Letter Perfect Displays

I was at the Sand Point Antique & Design Market on Sunday, and the vast array of great merchandise was astounding - second only to the marvelous displays that dealers created to show them off. Above and below, you see the stunning booth created by DeWayne Lumpkin. He's an interior designer and the owner of Home Economics, a home decor store in Grants Pass, Oregon. This was his first time at Sand Point, hot on the heels of a successful showing at the Seattle Gift Show. I love the graphic impact of the white mannequins against the black backdrop.
DeWayne's product offering was mainly the 'hot item of the moment' bus destination rolls. Graphic and contemporary, they have a vintage charm that works with varied design styles. DeWayne shared with me a few of his incredible ideas for a product line utilizing these materials - he is right on the cutting edge of the trend, folks. Brilliant mind for merchandising & sales! He shared his space with veteran antique dealer Susan Wheeler of Pink Lemonade (no web page, sorry) and their combined products made for a very intriguing booth.
People obviously loved it, as it was busy all day long. If you'd like to see more of DeWayne's merchandising magic, including shots taken in his store, check out his portfolio. Great ideas there!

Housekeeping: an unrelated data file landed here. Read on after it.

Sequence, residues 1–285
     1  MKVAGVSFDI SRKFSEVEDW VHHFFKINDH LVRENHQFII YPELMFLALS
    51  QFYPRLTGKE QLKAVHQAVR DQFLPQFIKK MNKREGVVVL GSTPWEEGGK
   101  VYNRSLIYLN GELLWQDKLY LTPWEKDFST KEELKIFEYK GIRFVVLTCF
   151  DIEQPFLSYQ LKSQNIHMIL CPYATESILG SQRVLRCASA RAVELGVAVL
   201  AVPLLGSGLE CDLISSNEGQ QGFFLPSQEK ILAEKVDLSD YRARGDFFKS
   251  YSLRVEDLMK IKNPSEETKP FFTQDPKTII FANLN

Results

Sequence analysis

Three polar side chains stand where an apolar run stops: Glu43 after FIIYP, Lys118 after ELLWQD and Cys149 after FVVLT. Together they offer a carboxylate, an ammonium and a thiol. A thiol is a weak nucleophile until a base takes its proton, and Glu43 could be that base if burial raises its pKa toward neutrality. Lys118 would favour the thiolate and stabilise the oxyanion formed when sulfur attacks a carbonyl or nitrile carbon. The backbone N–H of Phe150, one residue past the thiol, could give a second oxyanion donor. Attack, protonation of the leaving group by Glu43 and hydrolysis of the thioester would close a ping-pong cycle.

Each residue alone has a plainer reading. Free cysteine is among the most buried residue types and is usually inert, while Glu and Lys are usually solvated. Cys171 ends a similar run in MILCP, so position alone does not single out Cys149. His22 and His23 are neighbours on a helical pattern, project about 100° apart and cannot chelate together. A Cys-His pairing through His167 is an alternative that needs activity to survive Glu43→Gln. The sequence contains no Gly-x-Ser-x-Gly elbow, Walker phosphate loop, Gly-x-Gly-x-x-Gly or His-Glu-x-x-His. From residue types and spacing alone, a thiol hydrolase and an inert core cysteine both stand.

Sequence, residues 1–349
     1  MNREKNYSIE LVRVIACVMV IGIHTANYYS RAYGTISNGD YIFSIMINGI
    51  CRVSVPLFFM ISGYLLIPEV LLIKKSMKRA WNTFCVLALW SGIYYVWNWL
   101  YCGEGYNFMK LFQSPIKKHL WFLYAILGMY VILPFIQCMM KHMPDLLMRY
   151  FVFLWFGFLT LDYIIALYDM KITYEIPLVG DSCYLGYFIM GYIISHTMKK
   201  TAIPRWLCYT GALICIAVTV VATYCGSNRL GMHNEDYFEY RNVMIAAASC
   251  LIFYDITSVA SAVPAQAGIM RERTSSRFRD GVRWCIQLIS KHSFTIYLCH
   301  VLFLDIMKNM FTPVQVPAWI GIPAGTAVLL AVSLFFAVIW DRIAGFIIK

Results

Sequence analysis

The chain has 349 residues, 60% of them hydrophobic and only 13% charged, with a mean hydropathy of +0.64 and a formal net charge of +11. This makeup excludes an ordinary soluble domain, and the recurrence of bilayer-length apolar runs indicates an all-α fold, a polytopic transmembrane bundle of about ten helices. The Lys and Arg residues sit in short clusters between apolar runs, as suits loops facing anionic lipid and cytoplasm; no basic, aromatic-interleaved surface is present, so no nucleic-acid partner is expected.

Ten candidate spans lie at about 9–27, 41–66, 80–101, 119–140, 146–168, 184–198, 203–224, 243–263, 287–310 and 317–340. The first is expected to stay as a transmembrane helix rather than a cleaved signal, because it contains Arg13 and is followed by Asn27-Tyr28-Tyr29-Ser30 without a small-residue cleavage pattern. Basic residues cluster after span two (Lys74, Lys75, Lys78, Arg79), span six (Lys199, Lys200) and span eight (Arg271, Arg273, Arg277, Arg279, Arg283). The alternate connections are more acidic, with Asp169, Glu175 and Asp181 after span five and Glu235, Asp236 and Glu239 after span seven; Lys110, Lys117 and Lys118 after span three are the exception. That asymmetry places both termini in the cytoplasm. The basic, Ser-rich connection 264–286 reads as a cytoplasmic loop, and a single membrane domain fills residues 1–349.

Above are a few shots of our Retreat space at the show. Designers, decorators, and shop owners bought nearly everything in sight. I take great pleasure in hearing comments like 'I NEVER would have thought to do that with it!' and 'What a GREAT idea... Inspiring!' because to me, it's as much about providing inspiration and ideas to customers as products. Bring the goods, then show 'em what to do with it!

My booth designs for our products are like rooms in a home - only accessorized to within an inch of their lives. I create an environment that immerses them in our story. Retail is theater and I go BIG! And it works - attracts attention, inspires, and facilitates many conversations about what we do and how our customers benefit from it.

I do wish I had snapped photos at more booths.... I was just too busy. I will say that Linda at LuLu's, JoMarie at Rose~Marie, the guys at JohnBob CoolJunk, and Debi Burton at Ormolulu had absolutely beautiful displays! Suffice it to say that display is important in every kind of retail venue.

1 comment:

my take on retail visual design:

"The thing is, retail design is driven by psychology. It is by manipulating space, visuals, lighting, sound, smell, and mood that we influence customers to enter, stay, browse, buy, and return. It is an endless exercise in change, endurance, growth, education, and imagination that enables retailers to stay on top of their game and at the forefront of their customer's minds. Yes, what you sell IS important - but even the very best merchandise won't sell at full price if it's presented in torn boxes on dirty shelves in a store that is too crowded to turn around in. Visual impact is a huge part of business, and utilizing the principles that have been proven to work can help you build a better business." ~ DWK